On appeal, the father argues that there was not clear and convincing evidence of grounds to terminate his parental rights.
Section 12–15–319, Ala. Code 1975, provides, in pertinent part:
“(a) If the juvenile court finds from clear and convincing evidence, competent, material, and relevant in nature, that the parent[ ] of a child [is] unable or unwilling to discharge [his or her] responsibilities to and for the child, or that the conduct or condition of the parent[ ] renders [him or her] unable to properly care for the child and that the conduct or condition is unlikely to change in the foreseeable future, it may terminate the parental rights of the parent[ ]. In determining whether or not the parent[ ] [is] unable or unwilling to discharge [his or her] responsibilities to and for the child and to terminate the parental rights, the juvenile court shall consider the following factors including, but not limited to, the following:
“(1) That the parent[ ] ha[s] abandoned the child, provided that in these cases, proof shall not be required of reasonable efforts to prevent removal or reunite the child with the parent[ ].
“(2) Emotional illness, mental illness, or mental deficiency of the parent, or excessive use of alcohol or controlled substances, of a duration or nature as to render the parent unable to care for needs of the child.
“(9) Failure by the parent[ ] to provide for the material needs of the child or to pay a reasonable portion of support of the child, where the parent is able to do so.
“(11) Failure by the parent[ ] to maintain consistent contact or communication with the child.
“(b) A rebuttable presumption that the parent[ ] [is] unable or unwilling to act as [a] parent[ ] exists in any case where the parent[ ] ha[s] abandoned a child and this abandonment continues for a period of four months next preceding the filing of the petition. Nothing in this subsection is intended to prevent the filing of a petition in an abandonment case prior to the end of the four-month period.”
See B.H. v. M.F.J., [Ms. 2140767, Nov. 13, 2015] ––– So. 3d ––––, ––––, 2015 WL 7109625, at *4 (Ala.Civ.App.2015).
Abandonment is defined as:
“A voluntary and intentional relinquishment of the custody of a child by a parent, or a withholding from the child, without good cause or excuse, by the parent, of his or her presence, care, love, protection, maintenance, or the opportunity for the display of filial affection, or the failure to claim the rights of a parent, or failure to perform the duties of a parent.”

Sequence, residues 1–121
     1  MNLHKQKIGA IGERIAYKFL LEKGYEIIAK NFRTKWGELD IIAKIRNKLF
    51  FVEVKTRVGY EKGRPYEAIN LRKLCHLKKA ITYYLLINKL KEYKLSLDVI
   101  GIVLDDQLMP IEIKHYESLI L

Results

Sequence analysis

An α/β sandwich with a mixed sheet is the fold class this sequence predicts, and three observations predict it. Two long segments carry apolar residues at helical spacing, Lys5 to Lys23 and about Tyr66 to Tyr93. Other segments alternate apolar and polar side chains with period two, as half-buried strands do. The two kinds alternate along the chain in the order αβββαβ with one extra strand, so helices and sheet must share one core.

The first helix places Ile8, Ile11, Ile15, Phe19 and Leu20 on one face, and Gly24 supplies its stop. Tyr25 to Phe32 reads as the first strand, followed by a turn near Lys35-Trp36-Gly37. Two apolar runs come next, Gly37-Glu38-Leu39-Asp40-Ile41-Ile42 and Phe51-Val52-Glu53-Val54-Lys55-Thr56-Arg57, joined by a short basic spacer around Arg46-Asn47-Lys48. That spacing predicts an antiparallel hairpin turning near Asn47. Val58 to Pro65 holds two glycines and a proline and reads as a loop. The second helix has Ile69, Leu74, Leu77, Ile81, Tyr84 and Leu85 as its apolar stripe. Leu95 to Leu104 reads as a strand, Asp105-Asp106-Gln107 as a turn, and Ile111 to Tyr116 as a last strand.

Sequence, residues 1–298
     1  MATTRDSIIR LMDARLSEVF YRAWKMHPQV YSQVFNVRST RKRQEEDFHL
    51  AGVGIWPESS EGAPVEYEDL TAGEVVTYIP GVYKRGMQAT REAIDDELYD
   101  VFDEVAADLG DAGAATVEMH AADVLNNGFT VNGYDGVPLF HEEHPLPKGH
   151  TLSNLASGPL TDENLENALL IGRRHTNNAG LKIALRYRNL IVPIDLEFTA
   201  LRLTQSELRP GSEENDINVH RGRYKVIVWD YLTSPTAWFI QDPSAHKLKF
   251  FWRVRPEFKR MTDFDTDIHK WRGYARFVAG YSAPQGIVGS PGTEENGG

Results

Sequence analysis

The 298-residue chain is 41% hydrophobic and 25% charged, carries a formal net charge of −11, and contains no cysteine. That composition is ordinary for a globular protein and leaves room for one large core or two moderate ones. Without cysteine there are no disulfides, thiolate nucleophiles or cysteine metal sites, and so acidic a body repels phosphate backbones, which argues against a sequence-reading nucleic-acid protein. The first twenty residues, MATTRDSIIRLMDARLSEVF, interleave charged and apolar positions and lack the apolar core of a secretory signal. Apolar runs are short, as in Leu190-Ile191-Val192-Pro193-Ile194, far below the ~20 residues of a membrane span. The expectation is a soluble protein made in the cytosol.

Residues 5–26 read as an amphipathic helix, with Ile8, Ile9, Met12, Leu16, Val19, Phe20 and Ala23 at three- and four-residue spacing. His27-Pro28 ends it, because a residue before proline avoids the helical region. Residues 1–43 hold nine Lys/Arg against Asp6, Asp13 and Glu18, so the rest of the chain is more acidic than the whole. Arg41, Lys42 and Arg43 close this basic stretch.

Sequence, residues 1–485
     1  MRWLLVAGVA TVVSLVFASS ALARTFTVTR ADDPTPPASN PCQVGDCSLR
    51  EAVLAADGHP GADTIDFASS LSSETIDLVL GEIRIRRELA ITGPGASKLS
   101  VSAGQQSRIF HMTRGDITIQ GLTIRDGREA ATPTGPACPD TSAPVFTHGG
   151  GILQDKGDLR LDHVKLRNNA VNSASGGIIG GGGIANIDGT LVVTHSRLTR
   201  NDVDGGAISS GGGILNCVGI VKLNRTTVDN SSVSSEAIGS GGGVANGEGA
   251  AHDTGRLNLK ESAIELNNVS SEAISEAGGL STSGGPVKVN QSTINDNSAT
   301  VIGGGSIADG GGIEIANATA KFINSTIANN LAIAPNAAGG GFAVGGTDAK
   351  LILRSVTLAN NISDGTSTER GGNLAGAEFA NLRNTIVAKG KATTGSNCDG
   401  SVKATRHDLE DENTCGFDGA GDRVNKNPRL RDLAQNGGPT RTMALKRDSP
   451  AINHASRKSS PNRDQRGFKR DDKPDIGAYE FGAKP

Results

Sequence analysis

Ala. Code 1975, § 12–15–301(1).
Based on the evidence indicating that the father had failed to visit the child in the approximately two years preceding the trial, the juvenile court could have concluded that the father had abandoned the child, see § 12–15–301(1), that that abandonment had continued for at least four months preceding the filing of the petition to terminate the father's parental rights, see § 12–15–319(b), so as to establish a presumption that the father was “unable or unwilling to act as [a] parent[ ],” id. and that the father had failed to rebut that presumption. Although the father testified that the mother had thwarted his attempts to visit the child, the juvenile court, as the trier of fact, could have believed the mother's testimony and disbelieved the father's testimony on that point. C.O., ––– So. 3d at ––––, 2016 WL 1273326 at *5. We also note that the same evidence regarding the father's failure to visit also established that the father had failed to maintain consistent communication with the child. See § 12–15–319(a)(11).
The father also argues that the juvenile court exceeded its discretion in finding that the father had failed to support the child despite having had the ability to do so, that the father has a mental illness or deficiency, and that the father was using controlled substances at the time of the trial. See § 12–15–319(a)(2) & (9). We note, however, that the juvenile court did not find that the father has a mental illness or deficiency and that he was using controlled substances. Instead, the juvenile court found that the allegations of the mother's petition had been proven—those allegations stated that “the father suffers from emotional illness, mental illness, mental deficiency and/or excessive use of alcohol or controlled substances [of] such a duration or nature as to render [the father] unable to care for the needs of the child.” (Emphasis added.) Furthermore, with regard to those implicit findings, we note that, even if there was insufficient evidence presented to support those findings, any error was harmless in light of the “remainder of the evidence supporting termination of the [father's] parental rights,” specifically, the evidence of abandonment and lack of consistent communication with the child. B.H., ––– So. 3d at ––––, 2015 WL 7109625 at *5.
The father also argues that the juvenile court erred in terminating his parental rights because, he says, there existed a viable alternative to termination of his parental rights. We note, however, that “the [father], by abandoning [his] child, ‘lost any due-process rights that would have required the juvenile court to explore other alternatives before terminating [his] parental rights.’ ” L.L. v. J.W., 195 So.3d 269, 274 (Ala.Civ.App.2015) (quoting C.C. v. L.J., 176 So.3d 208, 216 (Ala.Civ.App.2015)). Therefore, we reject the father's argument on this point.
Based on the foregoing, we affirm the juvenile court's judgment.
Pittman, Thomas, and Donaldson, JJ., concur. Thompson, P.J., concurs in the result, without writing.